Opening Doors on Christmas Eve

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When our two grandsons were seven and three years old, they would often race the thirty yards or so from their house to ours. The 7-year-old was faster and taller and would arrive first. He could also manage the mechanics of the storm door handle with ease. The 3-year-old was always about five seconds behind, arriving just as the door snapped shut. He could not reach or maneuver that door handle. Then the younger grandson ingeniously solved the problem. He placed a small step stool beside the door. He steps up on the stool, pushes the button to release the latch, and then — in one deft, well-coordinated movement — holds the door open, kicks the step stool out of the way, and makes his entry. He gets in without any help.

People at Christmas are looking for something of depth and wonder in their life journey. Thus we need to pay attention to our Christmas Eve worship with great care. We need to make entry easy and thoroughly welcoming.

Unfortunately, not everyone who wants to enter your church is able to solve the “open door” problem. A few guests will figure out how to get into your church this Christmas season, but not all who want to will do so. Many people marginal to church life want to be in a church on Christmas Eve. Something about the mystery and drama of the Christmas Story draws them toward a hoped-for encounter with God in this sacred season. People at Christmas are looking for something of depth and wonder in their life journey. Thus we need to pay attention to our Christmas Eve worship with great care. We need to make entry easy and thoroughly welcoming.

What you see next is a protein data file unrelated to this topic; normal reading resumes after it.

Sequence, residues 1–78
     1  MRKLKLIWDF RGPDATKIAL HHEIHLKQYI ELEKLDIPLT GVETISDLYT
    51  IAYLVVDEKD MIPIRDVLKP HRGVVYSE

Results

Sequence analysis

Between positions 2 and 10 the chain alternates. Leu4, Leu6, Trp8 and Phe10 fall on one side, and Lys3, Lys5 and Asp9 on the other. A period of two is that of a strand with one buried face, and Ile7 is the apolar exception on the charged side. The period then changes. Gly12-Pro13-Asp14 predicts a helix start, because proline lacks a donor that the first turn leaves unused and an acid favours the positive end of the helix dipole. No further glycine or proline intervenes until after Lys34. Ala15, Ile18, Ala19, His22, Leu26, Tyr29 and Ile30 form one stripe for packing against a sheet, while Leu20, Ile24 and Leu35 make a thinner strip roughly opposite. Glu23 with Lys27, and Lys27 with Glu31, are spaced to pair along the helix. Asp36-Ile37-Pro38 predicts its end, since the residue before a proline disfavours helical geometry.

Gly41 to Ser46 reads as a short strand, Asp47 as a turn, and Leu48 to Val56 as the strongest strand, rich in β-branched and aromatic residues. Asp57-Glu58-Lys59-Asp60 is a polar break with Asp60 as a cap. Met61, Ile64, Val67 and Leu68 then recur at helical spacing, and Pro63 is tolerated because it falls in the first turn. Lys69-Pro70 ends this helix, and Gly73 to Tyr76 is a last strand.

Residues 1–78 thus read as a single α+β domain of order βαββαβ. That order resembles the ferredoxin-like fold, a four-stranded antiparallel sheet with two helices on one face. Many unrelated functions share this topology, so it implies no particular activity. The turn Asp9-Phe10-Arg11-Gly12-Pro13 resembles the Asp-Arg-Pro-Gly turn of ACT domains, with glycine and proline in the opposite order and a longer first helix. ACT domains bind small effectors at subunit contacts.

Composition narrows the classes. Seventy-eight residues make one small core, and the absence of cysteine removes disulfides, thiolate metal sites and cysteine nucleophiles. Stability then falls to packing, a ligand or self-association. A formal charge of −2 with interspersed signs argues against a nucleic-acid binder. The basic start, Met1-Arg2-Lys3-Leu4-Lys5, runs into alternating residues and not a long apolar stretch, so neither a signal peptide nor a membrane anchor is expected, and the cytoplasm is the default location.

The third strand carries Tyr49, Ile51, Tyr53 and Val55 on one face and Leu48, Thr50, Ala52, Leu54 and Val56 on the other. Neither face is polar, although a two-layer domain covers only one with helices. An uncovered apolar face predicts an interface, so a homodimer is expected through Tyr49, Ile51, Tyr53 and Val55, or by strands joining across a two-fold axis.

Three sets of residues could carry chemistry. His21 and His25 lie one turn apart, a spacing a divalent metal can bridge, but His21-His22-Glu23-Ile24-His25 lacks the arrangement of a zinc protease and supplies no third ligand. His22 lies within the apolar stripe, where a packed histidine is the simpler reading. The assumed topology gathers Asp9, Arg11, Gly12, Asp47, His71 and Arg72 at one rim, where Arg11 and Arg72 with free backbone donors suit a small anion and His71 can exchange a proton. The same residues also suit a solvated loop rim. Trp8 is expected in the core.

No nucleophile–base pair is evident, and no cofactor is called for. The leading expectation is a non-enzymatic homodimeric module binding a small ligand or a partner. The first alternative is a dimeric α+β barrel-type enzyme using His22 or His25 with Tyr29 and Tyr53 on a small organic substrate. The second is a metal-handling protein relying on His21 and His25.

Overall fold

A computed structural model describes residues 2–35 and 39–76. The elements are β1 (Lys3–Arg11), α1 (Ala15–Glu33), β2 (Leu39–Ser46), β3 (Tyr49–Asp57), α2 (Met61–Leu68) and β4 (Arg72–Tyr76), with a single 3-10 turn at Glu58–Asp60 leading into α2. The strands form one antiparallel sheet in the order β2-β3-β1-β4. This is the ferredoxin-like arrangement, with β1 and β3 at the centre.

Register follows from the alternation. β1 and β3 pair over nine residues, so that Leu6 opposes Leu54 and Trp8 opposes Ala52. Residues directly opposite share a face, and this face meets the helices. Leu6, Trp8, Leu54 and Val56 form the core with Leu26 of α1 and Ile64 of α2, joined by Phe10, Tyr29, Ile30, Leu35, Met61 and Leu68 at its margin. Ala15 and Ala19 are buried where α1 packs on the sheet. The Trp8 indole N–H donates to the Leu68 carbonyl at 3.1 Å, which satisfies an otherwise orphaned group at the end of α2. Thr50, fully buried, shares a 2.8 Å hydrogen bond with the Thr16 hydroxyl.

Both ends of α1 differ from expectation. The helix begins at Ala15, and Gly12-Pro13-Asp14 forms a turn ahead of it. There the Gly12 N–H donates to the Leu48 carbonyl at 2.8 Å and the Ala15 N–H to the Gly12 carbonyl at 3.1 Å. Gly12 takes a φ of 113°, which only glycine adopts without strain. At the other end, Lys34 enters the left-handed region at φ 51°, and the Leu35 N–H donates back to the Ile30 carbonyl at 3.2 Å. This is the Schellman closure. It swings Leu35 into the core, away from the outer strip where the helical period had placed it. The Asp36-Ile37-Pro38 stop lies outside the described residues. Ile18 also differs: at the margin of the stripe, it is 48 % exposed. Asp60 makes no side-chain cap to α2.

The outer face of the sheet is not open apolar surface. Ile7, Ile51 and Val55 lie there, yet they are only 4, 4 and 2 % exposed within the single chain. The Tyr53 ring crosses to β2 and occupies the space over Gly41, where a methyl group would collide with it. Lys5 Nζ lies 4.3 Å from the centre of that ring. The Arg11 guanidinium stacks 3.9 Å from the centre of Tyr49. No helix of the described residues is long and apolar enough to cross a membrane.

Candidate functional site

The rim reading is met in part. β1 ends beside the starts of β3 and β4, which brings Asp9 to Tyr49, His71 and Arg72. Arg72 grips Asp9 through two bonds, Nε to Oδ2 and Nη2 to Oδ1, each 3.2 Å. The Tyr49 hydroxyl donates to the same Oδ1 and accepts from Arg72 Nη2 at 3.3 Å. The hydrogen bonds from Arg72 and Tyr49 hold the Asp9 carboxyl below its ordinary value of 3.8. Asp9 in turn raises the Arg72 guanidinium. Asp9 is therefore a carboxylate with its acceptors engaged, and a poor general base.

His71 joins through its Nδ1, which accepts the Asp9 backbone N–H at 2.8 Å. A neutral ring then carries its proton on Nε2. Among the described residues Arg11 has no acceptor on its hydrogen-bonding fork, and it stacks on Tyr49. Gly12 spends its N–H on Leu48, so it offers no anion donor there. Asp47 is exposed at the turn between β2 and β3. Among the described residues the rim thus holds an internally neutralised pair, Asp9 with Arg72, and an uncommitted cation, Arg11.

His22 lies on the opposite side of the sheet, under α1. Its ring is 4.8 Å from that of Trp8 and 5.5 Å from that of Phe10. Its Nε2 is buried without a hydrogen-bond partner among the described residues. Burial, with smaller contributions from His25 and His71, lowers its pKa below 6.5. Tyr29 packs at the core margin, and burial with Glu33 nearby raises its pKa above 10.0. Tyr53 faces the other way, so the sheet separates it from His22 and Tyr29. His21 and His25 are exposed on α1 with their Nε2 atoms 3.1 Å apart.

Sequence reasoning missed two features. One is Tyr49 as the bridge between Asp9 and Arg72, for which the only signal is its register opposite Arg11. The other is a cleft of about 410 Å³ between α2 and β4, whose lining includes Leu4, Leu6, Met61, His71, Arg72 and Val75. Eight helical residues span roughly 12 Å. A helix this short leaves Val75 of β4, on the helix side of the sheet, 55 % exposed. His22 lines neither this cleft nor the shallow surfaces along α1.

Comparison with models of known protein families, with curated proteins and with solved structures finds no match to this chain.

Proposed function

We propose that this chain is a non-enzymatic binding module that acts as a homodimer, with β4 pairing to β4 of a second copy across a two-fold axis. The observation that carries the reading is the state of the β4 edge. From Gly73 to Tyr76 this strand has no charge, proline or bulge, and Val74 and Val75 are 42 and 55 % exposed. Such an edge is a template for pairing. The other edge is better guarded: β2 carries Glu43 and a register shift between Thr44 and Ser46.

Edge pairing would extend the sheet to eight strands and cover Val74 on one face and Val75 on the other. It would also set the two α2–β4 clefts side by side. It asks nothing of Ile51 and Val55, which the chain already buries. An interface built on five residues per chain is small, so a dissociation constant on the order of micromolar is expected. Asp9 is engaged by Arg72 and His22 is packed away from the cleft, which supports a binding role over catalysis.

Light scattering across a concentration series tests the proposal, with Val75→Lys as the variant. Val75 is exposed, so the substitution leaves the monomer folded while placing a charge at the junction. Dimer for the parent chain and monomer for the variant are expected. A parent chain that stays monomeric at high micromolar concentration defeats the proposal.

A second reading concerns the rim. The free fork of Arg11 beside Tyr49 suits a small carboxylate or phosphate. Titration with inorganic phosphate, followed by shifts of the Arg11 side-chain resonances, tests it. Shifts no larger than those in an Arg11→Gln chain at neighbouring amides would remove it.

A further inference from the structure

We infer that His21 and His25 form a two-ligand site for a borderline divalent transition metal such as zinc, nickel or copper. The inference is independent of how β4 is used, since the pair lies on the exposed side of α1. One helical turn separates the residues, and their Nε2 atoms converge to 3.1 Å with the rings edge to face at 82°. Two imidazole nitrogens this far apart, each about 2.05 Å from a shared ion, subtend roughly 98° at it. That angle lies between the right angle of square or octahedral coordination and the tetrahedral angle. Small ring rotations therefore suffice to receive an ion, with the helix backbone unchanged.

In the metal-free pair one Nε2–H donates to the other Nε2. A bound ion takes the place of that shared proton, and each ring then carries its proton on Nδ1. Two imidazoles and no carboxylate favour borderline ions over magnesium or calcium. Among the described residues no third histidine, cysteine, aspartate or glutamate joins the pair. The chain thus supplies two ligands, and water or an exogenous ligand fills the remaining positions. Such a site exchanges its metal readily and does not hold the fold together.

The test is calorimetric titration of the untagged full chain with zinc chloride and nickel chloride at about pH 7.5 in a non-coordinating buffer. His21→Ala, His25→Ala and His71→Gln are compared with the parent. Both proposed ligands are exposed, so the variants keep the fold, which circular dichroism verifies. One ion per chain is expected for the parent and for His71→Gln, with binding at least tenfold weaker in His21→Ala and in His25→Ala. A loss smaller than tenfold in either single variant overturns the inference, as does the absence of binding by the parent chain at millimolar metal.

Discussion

Provide worship at early hours on Christmas Eve. The 11 p.m. service is good for the longtime members but not for many others. For many people, services at 5 p.m., 7 p.m., or even 9 p.m. are preferred. Even a 3 p.m. shorter service for households with younger children can meet a need. Spend extra time on publicity, exterior signage, local newspaper and radio ads, and give members attractive cards to use in inviting others. The church facility needs to be especially clean and attractive — inside and out. Recruit volunteer parking lot attendants to be in place. Greeters and ushers need to be reminded that some arriving worshippers are coming to church — or back to church — for the first time in a long time. Write the worship guide with care, reviewing everything from the perspective of the person unfamiliar with the language and practices of your congregation or even Christian worship. And the message needs to reflect God’s presence filled with mystery, awe, and conviction in an uncertain time.

Christmas Eve is only two months away. If plans are not already in place, get a small planning team together and prayerfully brainstorm what might make your Christmas Eve worship this year especially inviting and welcoming. Look at those hours through the eyes of a spiritually hungry soul. Then announce and publicize your Christmas Eve service(s) without apology or hesitation. This is the season when many souls are hungry for a word, a hymn, an anthem, or a litany that comes from God.

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About Author

Brian Bauknight is senior minister emeritus of Christ United Methodist Church in Bethel Park, Pennsylvania, and coordinator of leadership development for the Western Pennsylvania Conference.


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